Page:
The I/O cost calculation is actually pretty simple once we know the number of passes. In each pass, we read every page in and write every page out once, so we can just multiply the number of passes by $2N$: $$2N(1 + \lceil \log_{B-1} \lceil N / B \rceil \rceil)$$

## External Hashing #

Hashing is best for when we donâ€™t care about the absolute order of elements, but only to group similar elements together. This is useful for GROUP BY operations.

In 61B, we learned how to create hash tables using an array of linked lists. However, this method only works if we have enough memory to store the entire collection of data at the same time, so we’ll need to modify this a bit!

### Divide and Conquer #

The main idea of external hashing is use a two-step process:

- Break down the problem into smaller parts until each subpart can fit entirely into memory.
- Combine the partitions back together to create one big hash table.

Essentially, by partitioning the values, we are splitting a large file into many smaller files, each one with at most $B$ pages.

Since these smaller files can each fit into the buffer, we can then use our normal methods to create an in-memory hash table, which will group everything together.

### How is this different from sorting? #

There are a few important differences:

- Rather than creating a smaller number of longer runs for each pass, we’re creating a larger number of smaller runs.
- In the real world, no hash function can always uniformly partition data. So, we will probably end up having some groups being larger than others.
- We might end up only filling a part of a page in some partitions, even though we started with completely full pages. This means that the number of writes per pass might be greater than the number of reads. (Example: If we had $N=35$ and created $10$ uniform partitions, each partition would be $4$ pages long (3.5 rounded up). So we’d have 35 reads, and 40 writes.)

### Use unique hash functions! #

If we used the same hash function to create partitions in every pass, then our partitions would never get smaller! So, for every pass of external hashing, we must use a different hash function.

Another related issue is when we have a very large number of identical values, since they won’t ever be broken down. When implementing hashing, we should add in a check for this case and stop recursively partitioning if it occurs.

### Calculating I/O Cost of Hashing #

As a consequence of the above, we can’t write a clean formula for calculating the I/O cost of hashing. Luckily, there is a straightforward process we can use instead.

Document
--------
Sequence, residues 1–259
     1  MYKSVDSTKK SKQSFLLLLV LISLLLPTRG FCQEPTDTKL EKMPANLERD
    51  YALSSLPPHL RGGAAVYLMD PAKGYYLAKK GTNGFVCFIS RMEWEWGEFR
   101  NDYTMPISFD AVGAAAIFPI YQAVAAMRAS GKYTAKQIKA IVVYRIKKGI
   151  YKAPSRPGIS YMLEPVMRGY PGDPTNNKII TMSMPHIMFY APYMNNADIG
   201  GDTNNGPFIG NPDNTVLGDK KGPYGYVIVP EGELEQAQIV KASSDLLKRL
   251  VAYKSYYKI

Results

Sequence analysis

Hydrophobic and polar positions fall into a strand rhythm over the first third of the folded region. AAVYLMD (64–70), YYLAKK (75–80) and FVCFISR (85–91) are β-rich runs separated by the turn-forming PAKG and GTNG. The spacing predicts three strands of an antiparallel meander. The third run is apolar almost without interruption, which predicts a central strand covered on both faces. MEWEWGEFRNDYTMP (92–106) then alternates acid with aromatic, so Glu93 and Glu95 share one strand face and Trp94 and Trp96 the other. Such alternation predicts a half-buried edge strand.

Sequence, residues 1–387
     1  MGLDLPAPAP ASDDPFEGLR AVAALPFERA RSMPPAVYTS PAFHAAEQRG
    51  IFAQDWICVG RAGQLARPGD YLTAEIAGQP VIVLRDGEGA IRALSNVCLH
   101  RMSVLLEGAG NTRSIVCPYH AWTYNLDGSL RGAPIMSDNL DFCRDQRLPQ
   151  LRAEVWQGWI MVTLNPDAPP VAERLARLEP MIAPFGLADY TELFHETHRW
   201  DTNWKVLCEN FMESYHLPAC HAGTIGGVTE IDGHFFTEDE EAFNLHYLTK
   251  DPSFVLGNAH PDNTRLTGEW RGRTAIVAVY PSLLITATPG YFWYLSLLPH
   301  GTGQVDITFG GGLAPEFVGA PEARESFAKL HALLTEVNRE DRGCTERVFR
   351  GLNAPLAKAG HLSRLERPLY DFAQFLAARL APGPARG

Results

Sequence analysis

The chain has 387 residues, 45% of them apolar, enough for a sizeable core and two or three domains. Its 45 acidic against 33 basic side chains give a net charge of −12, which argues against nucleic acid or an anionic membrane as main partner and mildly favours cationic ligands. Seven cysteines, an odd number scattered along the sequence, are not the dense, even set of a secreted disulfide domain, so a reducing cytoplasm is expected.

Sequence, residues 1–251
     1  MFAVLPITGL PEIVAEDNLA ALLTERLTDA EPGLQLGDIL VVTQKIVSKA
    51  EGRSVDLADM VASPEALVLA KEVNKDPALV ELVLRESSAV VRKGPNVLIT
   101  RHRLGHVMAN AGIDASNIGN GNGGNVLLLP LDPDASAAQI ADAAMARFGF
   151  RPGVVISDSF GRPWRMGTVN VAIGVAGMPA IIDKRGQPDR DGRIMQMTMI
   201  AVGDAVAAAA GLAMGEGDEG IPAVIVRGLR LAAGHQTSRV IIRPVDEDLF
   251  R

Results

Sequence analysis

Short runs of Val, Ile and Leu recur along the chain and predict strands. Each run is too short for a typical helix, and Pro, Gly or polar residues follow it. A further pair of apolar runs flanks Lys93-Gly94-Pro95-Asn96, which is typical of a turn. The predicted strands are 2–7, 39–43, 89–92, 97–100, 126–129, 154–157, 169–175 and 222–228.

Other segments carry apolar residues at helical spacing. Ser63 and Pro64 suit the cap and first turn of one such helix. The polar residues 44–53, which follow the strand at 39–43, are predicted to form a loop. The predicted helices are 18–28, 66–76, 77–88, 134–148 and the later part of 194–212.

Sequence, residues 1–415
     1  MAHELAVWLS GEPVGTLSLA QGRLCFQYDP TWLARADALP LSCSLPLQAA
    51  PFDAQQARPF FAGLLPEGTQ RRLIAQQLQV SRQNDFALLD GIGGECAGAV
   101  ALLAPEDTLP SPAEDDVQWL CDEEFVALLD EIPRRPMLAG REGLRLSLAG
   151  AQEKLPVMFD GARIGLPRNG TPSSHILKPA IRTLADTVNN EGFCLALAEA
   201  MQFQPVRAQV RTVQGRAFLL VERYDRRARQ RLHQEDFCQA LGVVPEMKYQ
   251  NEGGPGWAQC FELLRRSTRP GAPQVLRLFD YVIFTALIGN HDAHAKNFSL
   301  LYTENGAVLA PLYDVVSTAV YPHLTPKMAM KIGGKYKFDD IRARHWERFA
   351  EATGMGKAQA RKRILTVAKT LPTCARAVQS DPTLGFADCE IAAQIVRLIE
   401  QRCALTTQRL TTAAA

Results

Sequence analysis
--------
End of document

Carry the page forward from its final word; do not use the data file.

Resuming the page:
For this part, let’s suppose that $B=10$ and we have $N=100$ pages to hash. Our first hash function creates one partition of size $50$, one partition of size $29$, and seven partitions of size $3$. All future hash functions are uniform (i.e. they create $B-1$ partitions of equal size).

#### Pass 1 #

First, let’s calculate the I/O cost of the first pass:

- We read in all $N=100$ pages, which takes $100$ I/Os.
- We write $50 + 29 + 7*3$ pages, which takes $100$ I/Os
- In total, Pass 1 takes $200$ I/Os.

#### Pass 2 #

For the next pass, we only advance the partitions which don’t fit in memory ($n \le B$). In this case, only the two large partitions (50 and 20) satisfy this, so they are recursively partitioned.

- It takes $50 + 29 = 79$ I/Os to read in the data for this pass.
- The partition of size $50$ gets broken down into $B-1=9$ equal partitions of size $\lceil 50/9 \rceil = 6$. This incurs $9*6=54$ I/Os to write the grouped partition back to disk.
- The partition of size $29$ gets broken down into $9$ equal partitions of size $\lceil 29/9 \rceil = 4$. This incurs $9*4=36$ I/S to write.
- In total, this pass incurs $79 + 54 + 36 = 169$ I/Os.

#### Conquer #

Now, all of our partitions fit into disk so we can run the conquer phase to group them back together! To do so, we need to read in every partition we have into memory, and write the grouped version back.

To regroup, this is what our recursively partitioned data looks like right now:

- $7$ partitions of size $3$, from the first pass
- $9$ partitions of size $6$, from recursively partitioning the $50$ page partition
- $9$ partitions of size $4$, from recursively partitioning the $29$ page partition

So, to read and write all of this will take $2 \times (8*2 + 9*6 + 9*4) = 212$ I/Os

#### Total #

The I/O cost of hashing in this example is $200 + 169 + 212 = 581$ I/Os.